Sturmpanzerwagen A7V
General information
origin Ger
operators Ger
category Tank
armour Front 30 mm
Sides 15 mm
Rear 20 mm
speed 15 km/h on roads
7 km/h offroad
Crew in game 6
main armament 5.7 cm Maxim-Nordenfelt gun
other weapons 6x 7.92 mm Maschinengewehr 08
seat 1 Driver/Gunner maingun
seat 2 1x 7.92 mm Maschinengewehr 08
seat 3 1x 7.92 mm Maschinengewehr 08
seat 4 1x 7.92 mm Maschinengewehr 08
seat 5 1x 7.92 mm Maschinengewehr 08
seat 6 2x 7.92 mm Maschinengewehr 08
Historical Picture

After the British designed the Mark I tank, which was followed by the Mark II, Mark III, Mark IV and etc..., the Germans decided to establish the Allgemeines Kriegsdepartement, 7. Abteilung, Verkehrswesen in 1916. They are resposible for design an own tank, who need to face the both British and French tanks. During the early years of the so called "landships", the Germans have the face the British and French tanks with some beute panzers, captured British and French tanks.
The design of the Sturmpanzerwagen A7V started in the same year and the first prototype was completed by Daimler-Motoren-Gesellschaft at Berlin-Marienfelde and was tested on 30 April 1917.  A wooden mockup of a final version was completed in May 1917 and demonstrated in Mainz with 10 tons of ballast to simulate armour. During final design the rear-facing cannon was removed and the number of machine-guns was increased to six. The first pre-production A7V's was produced in September 1917, followed by the first production model in October 1917. The tanks were given to Sturm-Panzer-Kraftwagen-Abteilung 1 and Sturm-Panzer-Kraftwagen-Abteilung 2, founded on 20 September 1917, each with five officers and 109 NCOs and soldiers.
The A7V was 7.34 metres long, 3 metres wide, and the maximum height was 3.3 metres. The tank had 20 mm of steel plate at the sides, 30 mm at the front and 10 mm for the roof; however the steel was not hardened armour plate, which reduced its effectiveness. It was thick enough to stop machine-gun and rifle fire, but not larger calibres. This offered protection comparable to the thinner armour of other tanks of the period, which used hardened steel. The crew normally consisted of up to seventeen soldiers and one officer: commander (officer, typically a lieutenant), driver, mechanic, mechanic/signaller, twelve infantrymen (six machine gunners, six loaders), and two artillerymen (main gunner and loader). The A7V was armed with six 7.92 mm MG08 machine guns and a 5.7 cm Maxim-Nordenfelt cannon mounted at the front. Some of these cannons were of British manufacture and had been captured in Belgium early in the war; others were captured in Russia in 1918 and appear to have included some Russian-made copies.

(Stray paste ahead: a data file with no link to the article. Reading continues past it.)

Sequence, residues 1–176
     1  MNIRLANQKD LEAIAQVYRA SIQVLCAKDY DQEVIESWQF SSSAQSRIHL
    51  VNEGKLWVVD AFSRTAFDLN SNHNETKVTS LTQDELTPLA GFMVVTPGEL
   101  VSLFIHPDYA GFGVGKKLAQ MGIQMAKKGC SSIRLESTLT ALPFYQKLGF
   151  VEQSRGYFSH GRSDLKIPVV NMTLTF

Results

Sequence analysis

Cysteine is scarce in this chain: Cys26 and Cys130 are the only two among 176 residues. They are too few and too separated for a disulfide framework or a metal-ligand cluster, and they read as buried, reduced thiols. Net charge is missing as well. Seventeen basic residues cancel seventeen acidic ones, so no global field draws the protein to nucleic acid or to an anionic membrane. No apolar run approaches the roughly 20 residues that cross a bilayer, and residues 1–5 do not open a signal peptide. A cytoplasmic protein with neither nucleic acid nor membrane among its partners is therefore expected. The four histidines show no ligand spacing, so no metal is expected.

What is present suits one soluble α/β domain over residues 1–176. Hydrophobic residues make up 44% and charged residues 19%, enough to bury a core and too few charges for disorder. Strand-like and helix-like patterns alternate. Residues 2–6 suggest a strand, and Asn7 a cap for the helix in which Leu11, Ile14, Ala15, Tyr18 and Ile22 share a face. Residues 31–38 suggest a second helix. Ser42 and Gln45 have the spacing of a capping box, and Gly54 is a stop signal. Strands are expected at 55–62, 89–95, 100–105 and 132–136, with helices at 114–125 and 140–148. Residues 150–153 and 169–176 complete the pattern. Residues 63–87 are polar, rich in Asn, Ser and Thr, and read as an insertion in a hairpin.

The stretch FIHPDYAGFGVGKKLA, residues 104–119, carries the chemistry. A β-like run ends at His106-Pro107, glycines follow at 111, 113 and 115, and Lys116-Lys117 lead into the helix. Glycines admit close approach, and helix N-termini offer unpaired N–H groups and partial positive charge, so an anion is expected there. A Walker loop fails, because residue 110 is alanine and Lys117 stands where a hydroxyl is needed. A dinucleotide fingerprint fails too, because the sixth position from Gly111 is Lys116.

It have a Daimler 4-cylinder petrol engines delivering 100 horsepower (75 kW) each. The top speed was about 15 kilometres per hour on roads and 5 kilometres per hour across country. The 24 wheel suspension was individually sprung—an advantage over the unsprung British tanks. Compared to other World War I tanks the road speed was quite high, but the tank had very poor off-road capability and was prone to getting stuck. The large overhang at the front and the low ground clearance meant trenches or very muddy areas were impassable. This was worsened by the fact that the driver could not see the terrain directly in front of the tank, due to a blind spot of about 10 metres. However, on open terrain it could be used to some success and offered more firepower than the armoured cars that were available.
The A7V was first used in combat on 21 March 1918. Five tanks of Abteilung I under the command of Hauptmann Greiff were deployed north of the St. Quentin Canal. Three of the A7Vs suffered mechanical failures before they entered combat, but the remaining pair helped stop a minor British breakthrough in the area, but otherwise saw little combat that day.
The first tank against tank combat in history took place on 24 April 1918 when three A7Vs taking part in an attack with infantry incidentally met three Mark IVs near Villers-Bretonneux. The lead German tank, commanded by Second Lieutenant Wilhelm Biltz, was hit by the 6-pounders of a male Mark IV tank and was knocked out. The two remaining A7Vs in turn withdrew. The damaged A7V was later recovered by German forces.

Template:German EquipmentTemplate:Tanks

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